# How to Run a Faster 10K

What do I mean by "run fast?" How fast?

I'll be blunt: I believe just about every reasonably fit male the age of 45 has the theoretical physiological capacity to run his age for a 10K, that is, a 10K in 45 minutes.

## It's Possible

Subtract 20 seconds for every year under 45, down to the age of 25, and add 20 seconds for every year over 45. Do the math, and you'll see that according to my formula, a 27-year-old ought to be able to run a 39-minute 10K, and I mean almost ANY 27-year-old.

Likewise, the significant majority of 54-year-old men ought to be able to run a 48-minute 10K. Women add 4 minutes.

"You're grossly generalizing," you might say. Yes, I am. "You have no independent, peer reviewed, published data on which you rely." No, I don't.

More: 4 Tweaks to Run Like the Elites

Furthermore, it gets worse. Assuming you have no anatomical problems that keep you from training and running regularly, my contention is that 60 percent of those reading this are able to achieve what I describe above.

Twenty percent cannot -- that is, you have other things you're good at. Running is not among your skills.

However, that leaves another 20 percent, and you are capable of much, much more than the modest 10K speeds I published above. One out of every five men reading this can run 38 minutes for a 10K at age 45. Subtract or add 15 seconds per mile for every year older or younger, down to 25 and up to 65.

Yes, I'm saying one out of every five of you can run a 33-minute 10K at age 25, or a 35:30 at age 35. That, or faster. Women add 3:30 to this. Yes, this means one out of five women reading this can run a 39-minute 10K at age 35. You can still do something very few women achieve: run under 40 minutes past age 40.

More: Exercises to Increase Your Running Speed

If you don't think you can achieve this, it's only because you can't conceive of that sort of speed based on your current conditioning, body structure, and experience.

Your sedan can't negotiate the oval at Daytona Speedway at 160mph. Give it to a NASCAR team and when they're done with it you won't believe what your little Ford can do. Of course, it won't be street-legal when they're done.

That's the sort of mindset you must have. You won't be street-legal when you're done getting ready for your 10K onslaught. If you engage in what I propose below, you'll feel like you've jumped in head-first, and as the weeks go by the water increases and gains in speed and you'll feel as if you're swept along in the stream.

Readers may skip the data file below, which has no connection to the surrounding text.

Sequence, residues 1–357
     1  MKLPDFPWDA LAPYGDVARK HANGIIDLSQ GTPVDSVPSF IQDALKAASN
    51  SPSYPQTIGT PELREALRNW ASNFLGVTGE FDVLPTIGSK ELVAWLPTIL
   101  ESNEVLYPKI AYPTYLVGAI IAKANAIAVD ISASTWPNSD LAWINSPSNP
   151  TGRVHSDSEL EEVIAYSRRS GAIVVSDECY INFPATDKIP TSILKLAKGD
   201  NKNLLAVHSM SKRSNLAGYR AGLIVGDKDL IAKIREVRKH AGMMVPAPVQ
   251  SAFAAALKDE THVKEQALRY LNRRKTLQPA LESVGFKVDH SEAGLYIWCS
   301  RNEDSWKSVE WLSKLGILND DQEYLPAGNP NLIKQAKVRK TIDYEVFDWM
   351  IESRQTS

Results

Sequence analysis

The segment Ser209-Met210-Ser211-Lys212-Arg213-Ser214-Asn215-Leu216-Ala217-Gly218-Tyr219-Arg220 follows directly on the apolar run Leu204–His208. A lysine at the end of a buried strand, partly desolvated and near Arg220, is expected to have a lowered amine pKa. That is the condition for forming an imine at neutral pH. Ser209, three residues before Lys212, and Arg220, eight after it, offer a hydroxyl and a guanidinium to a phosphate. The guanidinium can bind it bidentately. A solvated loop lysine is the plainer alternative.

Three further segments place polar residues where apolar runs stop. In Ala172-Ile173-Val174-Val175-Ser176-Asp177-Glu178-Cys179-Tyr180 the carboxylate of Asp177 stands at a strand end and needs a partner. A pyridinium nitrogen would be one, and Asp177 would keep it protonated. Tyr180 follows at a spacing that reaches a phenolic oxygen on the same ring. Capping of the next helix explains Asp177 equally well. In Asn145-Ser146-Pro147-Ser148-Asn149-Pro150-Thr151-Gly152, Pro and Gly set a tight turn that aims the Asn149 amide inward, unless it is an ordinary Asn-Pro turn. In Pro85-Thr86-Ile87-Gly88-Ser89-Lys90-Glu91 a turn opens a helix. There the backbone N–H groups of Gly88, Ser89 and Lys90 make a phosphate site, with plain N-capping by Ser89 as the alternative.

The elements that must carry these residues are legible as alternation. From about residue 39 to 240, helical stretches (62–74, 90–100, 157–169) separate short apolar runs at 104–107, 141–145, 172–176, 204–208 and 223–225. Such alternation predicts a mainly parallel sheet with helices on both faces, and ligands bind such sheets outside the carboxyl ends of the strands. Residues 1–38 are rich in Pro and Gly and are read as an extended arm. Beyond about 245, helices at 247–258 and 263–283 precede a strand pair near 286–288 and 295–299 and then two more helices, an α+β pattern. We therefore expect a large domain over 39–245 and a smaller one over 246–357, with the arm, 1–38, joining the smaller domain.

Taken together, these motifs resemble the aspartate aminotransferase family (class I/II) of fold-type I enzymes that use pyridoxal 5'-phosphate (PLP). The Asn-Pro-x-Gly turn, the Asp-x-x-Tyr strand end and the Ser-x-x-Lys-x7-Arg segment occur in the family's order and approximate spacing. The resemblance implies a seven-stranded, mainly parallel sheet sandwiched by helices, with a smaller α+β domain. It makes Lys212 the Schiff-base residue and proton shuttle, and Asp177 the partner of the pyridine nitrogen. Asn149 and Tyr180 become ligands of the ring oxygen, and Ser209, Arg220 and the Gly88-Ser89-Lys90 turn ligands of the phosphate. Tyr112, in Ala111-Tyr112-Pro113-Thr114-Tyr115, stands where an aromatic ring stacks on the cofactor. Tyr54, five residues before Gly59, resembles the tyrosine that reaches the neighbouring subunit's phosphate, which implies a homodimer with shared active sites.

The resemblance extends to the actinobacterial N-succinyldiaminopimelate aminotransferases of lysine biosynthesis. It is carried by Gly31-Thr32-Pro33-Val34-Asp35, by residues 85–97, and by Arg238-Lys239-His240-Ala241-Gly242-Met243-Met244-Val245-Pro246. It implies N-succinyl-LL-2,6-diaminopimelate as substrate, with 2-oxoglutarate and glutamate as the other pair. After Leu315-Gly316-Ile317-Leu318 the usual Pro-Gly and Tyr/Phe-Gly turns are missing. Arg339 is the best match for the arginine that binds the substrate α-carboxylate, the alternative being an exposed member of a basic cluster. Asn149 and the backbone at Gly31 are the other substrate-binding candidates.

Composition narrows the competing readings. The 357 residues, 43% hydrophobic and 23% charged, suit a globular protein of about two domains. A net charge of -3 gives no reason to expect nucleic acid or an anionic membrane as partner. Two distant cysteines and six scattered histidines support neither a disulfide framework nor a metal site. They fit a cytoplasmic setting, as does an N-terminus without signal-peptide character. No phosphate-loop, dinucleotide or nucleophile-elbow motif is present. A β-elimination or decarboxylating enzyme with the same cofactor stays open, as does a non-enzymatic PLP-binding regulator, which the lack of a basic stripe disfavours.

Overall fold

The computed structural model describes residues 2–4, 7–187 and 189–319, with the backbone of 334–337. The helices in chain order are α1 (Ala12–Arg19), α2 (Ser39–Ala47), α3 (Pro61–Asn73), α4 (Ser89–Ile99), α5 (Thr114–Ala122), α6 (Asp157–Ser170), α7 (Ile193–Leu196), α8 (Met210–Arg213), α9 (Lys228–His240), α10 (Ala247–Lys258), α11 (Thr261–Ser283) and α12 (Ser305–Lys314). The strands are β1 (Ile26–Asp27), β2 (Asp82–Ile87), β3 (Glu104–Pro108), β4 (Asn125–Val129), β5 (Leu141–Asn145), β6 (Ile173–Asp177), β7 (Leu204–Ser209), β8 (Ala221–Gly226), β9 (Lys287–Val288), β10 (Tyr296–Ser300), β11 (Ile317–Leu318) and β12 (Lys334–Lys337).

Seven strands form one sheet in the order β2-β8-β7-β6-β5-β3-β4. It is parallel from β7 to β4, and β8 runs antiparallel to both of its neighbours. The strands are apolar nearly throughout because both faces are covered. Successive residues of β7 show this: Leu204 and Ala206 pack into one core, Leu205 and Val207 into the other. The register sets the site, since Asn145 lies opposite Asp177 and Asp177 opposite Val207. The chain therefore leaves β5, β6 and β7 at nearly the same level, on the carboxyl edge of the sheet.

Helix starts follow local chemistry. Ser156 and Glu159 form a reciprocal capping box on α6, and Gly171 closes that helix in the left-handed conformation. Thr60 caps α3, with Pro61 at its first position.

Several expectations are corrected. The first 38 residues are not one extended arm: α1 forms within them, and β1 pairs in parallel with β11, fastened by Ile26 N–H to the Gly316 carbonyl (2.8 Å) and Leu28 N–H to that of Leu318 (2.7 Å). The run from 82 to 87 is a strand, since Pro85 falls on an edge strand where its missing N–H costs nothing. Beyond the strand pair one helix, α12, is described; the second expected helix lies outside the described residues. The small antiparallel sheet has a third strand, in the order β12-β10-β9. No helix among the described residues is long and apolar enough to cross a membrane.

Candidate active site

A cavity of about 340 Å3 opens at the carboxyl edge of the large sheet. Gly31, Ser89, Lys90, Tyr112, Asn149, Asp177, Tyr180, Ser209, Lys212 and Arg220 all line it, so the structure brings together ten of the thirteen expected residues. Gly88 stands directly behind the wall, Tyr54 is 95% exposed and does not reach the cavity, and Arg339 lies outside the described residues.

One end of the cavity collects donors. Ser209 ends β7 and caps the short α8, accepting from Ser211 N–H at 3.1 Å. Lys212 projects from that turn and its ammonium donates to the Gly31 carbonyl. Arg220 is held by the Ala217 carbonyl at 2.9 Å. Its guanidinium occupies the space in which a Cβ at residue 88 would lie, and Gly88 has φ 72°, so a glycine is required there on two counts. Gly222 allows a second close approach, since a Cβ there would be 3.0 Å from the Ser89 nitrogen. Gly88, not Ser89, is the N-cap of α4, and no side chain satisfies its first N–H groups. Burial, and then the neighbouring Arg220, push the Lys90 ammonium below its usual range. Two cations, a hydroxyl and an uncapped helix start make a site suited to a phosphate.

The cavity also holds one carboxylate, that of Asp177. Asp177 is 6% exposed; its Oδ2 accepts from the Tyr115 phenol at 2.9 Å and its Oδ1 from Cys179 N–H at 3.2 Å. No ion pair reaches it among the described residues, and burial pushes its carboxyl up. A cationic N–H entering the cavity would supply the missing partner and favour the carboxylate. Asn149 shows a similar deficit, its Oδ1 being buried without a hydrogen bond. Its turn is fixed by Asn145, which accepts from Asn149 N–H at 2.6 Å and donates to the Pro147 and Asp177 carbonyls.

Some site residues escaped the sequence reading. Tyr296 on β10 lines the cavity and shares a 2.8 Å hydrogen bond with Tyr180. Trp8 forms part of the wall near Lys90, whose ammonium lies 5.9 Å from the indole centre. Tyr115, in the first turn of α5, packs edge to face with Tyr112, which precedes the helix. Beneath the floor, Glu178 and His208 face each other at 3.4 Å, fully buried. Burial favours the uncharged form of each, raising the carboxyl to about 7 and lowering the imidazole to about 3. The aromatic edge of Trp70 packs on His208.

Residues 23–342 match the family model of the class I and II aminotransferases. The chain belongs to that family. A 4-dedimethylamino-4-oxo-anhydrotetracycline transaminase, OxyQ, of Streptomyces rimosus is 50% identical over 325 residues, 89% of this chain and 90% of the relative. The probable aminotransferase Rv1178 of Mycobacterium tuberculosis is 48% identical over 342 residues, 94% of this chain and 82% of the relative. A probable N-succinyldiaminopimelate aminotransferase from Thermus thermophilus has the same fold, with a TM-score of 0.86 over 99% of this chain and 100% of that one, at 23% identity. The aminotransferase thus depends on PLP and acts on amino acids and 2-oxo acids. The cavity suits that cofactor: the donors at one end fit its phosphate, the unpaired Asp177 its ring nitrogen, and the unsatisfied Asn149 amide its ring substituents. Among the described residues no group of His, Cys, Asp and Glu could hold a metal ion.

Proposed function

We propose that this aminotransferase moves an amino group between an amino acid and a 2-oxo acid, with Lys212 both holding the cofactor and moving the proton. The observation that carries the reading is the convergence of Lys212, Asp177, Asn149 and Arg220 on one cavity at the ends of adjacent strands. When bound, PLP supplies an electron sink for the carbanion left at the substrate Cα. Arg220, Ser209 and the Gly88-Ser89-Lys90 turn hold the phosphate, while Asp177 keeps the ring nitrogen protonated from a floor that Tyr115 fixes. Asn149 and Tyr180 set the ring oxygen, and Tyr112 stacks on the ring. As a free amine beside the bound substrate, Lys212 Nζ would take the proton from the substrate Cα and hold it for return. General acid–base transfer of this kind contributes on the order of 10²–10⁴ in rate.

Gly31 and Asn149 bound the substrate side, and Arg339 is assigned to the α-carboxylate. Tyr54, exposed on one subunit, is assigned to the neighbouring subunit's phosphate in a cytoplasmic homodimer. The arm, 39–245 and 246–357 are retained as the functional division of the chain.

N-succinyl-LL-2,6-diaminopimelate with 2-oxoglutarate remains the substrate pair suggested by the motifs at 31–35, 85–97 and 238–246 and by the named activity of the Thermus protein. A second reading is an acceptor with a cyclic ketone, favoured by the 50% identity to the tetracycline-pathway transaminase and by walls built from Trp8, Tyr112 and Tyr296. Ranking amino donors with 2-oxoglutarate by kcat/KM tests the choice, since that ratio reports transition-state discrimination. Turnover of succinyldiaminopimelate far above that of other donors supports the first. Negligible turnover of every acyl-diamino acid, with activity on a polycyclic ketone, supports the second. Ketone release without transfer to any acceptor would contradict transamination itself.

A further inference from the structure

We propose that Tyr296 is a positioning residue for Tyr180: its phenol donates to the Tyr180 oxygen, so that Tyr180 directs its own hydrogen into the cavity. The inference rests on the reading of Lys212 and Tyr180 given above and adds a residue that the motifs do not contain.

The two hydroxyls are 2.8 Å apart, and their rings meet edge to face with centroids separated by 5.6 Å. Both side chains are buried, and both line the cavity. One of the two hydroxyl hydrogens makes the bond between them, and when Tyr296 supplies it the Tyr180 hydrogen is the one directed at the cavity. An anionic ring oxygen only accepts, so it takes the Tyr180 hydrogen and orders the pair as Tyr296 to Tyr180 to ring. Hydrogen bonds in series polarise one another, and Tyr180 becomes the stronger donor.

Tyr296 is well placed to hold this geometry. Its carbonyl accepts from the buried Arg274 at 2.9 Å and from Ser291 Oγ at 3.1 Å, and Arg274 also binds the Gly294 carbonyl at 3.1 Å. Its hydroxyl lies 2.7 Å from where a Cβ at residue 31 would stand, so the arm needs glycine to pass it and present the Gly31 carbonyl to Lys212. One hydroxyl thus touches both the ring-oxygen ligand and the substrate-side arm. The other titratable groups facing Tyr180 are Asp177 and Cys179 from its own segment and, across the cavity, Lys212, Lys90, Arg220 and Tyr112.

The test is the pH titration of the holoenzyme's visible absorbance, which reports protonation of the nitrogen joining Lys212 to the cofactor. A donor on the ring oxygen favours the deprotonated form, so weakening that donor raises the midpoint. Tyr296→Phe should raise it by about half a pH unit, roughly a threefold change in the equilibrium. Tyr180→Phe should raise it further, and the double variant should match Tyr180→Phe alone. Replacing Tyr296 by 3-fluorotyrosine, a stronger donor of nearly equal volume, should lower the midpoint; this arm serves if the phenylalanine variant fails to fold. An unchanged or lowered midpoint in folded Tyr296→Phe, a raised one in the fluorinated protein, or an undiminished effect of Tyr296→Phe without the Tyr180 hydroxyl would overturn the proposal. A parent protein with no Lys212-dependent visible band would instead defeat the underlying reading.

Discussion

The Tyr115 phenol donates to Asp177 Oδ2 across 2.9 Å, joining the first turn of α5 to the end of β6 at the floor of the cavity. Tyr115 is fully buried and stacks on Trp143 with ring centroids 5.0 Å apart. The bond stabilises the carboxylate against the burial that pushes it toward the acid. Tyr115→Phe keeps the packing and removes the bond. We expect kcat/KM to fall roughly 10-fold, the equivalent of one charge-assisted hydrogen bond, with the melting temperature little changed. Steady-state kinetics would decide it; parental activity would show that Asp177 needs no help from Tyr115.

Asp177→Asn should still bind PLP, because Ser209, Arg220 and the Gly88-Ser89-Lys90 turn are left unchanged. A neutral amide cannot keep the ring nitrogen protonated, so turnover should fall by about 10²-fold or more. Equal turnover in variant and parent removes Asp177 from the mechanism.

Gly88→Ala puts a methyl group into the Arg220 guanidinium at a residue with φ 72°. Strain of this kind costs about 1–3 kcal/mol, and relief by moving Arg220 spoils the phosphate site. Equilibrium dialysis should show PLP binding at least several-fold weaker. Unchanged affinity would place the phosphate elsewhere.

At first, you'll be the prime mover, dragging your body through the workouts. Weeks later, however, it's your body that'll be pulling you forward at speeds and efficiencies you wouldn't have thought possible.

More: 3 Reasons Strength-Training Will Boost Your Running

## Cautions & Caveats

Now for all the caveats. Obviously, the older a person is, the more evident the potential roadblocks. I know people who have the heart and lungs and legs but, alas, no longer enough cartilage in the knees.

When I say a person has the innate ability required to perform a task, I mean his genes and receptors and processors that conspire to suggest and allow and trigger the engine and drive train to put out the horsepower are all there and ready to work.

Obviously, you can't drive the car very far or fast if it's got a flat tire or a broken driveshaft. Only you can determine whether your "infrastructure" is ready for a campaign to demolish your running PRs.

More: 4 Ways to Build Speed Workouts Into Your Runs

The other unknown is the state of your heart and circulatory system. I am routinely advised of yet another personal friend who, though long in apparent top health, discovers a heart ailment. Often, it's hereditary.

Also often, it's the sort of malady that doesn't manifest itself unless under a heavy load. If you want to run ultra fast, your heart is going to be under an ultra heavy load. I can't warrant that running at such a load is good for you.

I frankly haven't noticed that those who've been top runners live longer than those who've been moderately active. In fact, as a layman I'd hazard a guess that you'd probably be healthier if you didn't push the envelope the way I do, and the way I'll describe below.

If you think you'd like to see what you're capable of anyway, you might consider a stress EKG before getting heavy into the high-heart-rate stuff.

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